Google has announced that they’re delaying their original plans for Chrome to enforce Progressive Web Apps (PWAs) to have functioning offline support.

One of the main benefits of using a Progressive Web App as opposed to a normal website is that by being “installed,” the app can have some offline capabilities. Back in February, Google announced their intentions to require that PWAs work in some capacity while offline. To that end, Chrome 89 gained the ability to perform tests to verify that the offline version of an app loads correctly before allowing that app to be installed.

For instance, apps like Chrome Labs’ Squoosh can work entirely offline, despite being built on web technology, as all of the work is being done on your device. Of course, many installable web apps, such as Twitter and Stadia, can only do their job properly with an internet connection, while some developers may desire for their ad-supported app to only work while online.

Under the planned requirement — which was set to be enforced starting in August 2021 with Chrome 93 — a PWA wouldn’t necessarily need to offer any functionality while offline. A simple “offline fallback page,” explaining to the user that internet access is required, would do the trick. Chrome would simply check whether the app returned a valid page when accessing the PWA offline.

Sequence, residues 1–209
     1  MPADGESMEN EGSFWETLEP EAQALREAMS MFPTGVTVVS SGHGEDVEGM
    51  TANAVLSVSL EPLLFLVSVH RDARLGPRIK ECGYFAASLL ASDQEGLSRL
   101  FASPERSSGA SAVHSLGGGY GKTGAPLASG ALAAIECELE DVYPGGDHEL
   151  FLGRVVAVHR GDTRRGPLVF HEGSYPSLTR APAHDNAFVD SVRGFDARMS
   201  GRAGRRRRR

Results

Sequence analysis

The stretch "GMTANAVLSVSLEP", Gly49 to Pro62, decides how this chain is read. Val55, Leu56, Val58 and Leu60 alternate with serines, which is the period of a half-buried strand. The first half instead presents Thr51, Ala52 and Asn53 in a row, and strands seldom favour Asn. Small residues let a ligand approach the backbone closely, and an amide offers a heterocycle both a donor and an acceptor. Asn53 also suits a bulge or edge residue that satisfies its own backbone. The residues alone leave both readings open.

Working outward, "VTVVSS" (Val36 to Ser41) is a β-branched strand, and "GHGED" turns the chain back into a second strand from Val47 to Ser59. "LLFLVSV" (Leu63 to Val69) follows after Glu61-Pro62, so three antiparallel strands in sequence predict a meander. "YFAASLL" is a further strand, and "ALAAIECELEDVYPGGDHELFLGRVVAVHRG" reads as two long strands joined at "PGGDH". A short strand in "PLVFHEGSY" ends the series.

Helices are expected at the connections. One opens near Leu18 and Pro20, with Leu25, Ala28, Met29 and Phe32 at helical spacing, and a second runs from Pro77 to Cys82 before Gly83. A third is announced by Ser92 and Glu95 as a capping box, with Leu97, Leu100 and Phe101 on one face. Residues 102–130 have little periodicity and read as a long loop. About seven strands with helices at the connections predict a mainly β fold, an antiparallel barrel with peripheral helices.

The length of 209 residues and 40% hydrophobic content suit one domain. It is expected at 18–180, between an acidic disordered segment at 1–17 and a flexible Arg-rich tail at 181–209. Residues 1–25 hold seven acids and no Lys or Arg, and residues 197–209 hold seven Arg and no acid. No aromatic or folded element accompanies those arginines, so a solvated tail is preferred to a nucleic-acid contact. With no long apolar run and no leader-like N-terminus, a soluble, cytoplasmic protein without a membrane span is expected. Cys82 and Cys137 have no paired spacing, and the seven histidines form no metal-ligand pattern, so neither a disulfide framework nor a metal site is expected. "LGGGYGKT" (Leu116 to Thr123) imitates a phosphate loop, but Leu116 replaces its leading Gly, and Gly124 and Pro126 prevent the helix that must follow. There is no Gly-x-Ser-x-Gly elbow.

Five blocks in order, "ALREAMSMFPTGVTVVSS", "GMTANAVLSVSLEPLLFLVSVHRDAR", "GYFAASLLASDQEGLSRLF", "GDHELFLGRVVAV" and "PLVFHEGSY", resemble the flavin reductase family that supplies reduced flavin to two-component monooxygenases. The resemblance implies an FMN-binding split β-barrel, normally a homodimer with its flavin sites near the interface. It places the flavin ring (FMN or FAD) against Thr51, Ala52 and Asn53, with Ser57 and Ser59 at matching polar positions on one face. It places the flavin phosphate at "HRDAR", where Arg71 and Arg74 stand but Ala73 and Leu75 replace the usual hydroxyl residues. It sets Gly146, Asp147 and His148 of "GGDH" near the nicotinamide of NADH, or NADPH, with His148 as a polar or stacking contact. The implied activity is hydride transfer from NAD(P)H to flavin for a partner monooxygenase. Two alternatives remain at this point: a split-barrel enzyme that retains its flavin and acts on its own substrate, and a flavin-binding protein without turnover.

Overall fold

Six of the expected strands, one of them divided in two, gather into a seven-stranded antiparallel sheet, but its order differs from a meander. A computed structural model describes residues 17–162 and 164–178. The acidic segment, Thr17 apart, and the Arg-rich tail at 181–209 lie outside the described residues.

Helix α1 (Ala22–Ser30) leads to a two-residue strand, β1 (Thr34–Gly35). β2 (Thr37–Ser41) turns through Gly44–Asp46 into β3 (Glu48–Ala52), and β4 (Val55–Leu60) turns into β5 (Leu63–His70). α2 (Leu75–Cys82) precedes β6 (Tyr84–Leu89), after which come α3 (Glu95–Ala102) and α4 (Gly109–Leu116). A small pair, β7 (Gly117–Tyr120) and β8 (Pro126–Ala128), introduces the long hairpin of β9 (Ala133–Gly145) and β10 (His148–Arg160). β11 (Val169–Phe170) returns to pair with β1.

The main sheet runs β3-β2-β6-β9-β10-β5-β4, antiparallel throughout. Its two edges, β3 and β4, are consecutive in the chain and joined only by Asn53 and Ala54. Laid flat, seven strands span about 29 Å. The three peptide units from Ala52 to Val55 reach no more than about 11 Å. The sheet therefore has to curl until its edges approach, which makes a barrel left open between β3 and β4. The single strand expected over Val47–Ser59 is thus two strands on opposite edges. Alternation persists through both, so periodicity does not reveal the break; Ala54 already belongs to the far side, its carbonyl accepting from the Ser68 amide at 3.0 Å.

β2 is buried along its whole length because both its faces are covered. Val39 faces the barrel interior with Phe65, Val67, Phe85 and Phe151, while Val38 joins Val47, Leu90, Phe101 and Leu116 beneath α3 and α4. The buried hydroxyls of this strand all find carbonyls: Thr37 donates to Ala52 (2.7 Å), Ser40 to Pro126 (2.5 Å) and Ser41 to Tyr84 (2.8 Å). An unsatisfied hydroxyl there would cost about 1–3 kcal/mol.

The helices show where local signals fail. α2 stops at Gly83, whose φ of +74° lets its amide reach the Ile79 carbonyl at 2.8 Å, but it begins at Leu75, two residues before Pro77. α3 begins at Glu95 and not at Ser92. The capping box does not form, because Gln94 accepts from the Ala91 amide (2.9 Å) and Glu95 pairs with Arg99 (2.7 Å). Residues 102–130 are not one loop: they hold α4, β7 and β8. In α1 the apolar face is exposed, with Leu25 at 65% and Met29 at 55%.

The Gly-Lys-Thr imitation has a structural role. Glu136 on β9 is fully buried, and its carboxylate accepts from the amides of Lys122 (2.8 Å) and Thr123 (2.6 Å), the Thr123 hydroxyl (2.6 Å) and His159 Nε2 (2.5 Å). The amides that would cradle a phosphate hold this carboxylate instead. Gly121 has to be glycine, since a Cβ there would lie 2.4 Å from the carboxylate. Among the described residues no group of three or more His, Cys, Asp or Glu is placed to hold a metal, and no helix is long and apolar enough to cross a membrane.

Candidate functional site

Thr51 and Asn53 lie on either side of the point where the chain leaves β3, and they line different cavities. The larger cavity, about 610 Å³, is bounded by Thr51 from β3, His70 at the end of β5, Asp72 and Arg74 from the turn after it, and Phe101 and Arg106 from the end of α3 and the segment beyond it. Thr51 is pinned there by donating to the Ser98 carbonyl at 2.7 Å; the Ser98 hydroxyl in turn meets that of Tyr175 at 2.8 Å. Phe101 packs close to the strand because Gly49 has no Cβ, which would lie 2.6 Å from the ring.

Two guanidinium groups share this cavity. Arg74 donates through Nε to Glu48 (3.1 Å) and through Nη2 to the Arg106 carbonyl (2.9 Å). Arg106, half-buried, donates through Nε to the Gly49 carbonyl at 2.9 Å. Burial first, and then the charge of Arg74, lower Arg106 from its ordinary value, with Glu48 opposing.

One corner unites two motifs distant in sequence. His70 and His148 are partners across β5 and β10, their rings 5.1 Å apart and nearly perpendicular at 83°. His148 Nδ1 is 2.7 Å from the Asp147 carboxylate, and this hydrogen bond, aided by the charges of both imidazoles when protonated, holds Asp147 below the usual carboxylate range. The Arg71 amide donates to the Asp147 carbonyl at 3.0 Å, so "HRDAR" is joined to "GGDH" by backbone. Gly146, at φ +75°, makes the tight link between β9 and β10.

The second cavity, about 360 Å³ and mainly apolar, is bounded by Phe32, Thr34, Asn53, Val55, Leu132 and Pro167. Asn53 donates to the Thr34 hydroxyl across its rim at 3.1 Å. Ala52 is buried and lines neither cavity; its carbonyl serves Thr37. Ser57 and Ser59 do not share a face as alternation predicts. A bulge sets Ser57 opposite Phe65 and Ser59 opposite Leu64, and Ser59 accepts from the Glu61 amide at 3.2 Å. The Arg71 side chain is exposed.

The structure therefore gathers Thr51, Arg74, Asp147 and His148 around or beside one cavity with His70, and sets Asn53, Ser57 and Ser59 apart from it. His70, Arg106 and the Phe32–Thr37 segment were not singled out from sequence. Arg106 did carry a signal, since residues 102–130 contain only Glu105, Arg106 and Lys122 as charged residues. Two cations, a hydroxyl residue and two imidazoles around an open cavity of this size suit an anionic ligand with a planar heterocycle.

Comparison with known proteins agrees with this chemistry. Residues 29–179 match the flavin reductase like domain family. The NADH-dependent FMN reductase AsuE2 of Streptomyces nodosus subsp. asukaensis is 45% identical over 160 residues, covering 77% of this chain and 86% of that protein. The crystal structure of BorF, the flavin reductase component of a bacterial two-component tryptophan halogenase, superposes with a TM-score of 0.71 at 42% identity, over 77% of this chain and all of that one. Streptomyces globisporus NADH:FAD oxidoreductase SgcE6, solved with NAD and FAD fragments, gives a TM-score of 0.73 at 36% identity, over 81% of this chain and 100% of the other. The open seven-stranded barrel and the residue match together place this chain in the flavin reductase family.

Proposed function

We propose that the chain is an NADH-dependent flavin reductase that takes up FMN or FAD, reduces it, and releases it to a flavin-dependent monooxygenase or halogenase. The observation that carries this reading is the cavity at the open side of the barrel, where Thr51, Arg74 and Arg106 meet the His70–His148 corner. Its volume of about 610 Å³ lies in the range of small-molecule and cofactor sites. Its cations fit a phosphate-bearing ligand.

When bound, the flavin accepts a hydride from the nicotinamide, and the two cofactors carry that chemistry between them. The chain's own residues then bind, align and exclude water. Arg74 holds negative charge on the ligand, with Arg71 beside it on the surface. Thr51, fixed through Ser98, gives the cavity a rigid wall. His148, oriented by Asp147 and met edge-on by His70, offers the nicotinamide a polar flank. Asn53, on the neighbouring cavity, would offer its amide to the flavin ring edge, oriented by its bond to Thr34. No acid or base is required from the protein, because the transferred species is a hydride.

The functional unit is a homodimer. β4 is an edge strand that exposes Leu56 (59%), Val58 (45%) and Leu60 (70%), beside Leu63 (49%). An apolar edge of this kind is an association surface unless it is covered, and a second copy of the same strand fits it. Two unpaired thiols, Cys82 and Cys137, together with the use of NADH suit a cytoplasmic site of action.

Today, Google has updated their guidance about the offline requirements of PWAs, putting the planned change on hold, with no proposed date for it to be reintroduced. According to the update, the decision to pause the requirement was made due to issues discovered and feedback given by the web developer community.

In the meantime, Google still strongly recommends web developers create at least a simple offline experience for their Progressive Web App, if only to improve and personalize the experience and offer something better than the Chrome offline dino.

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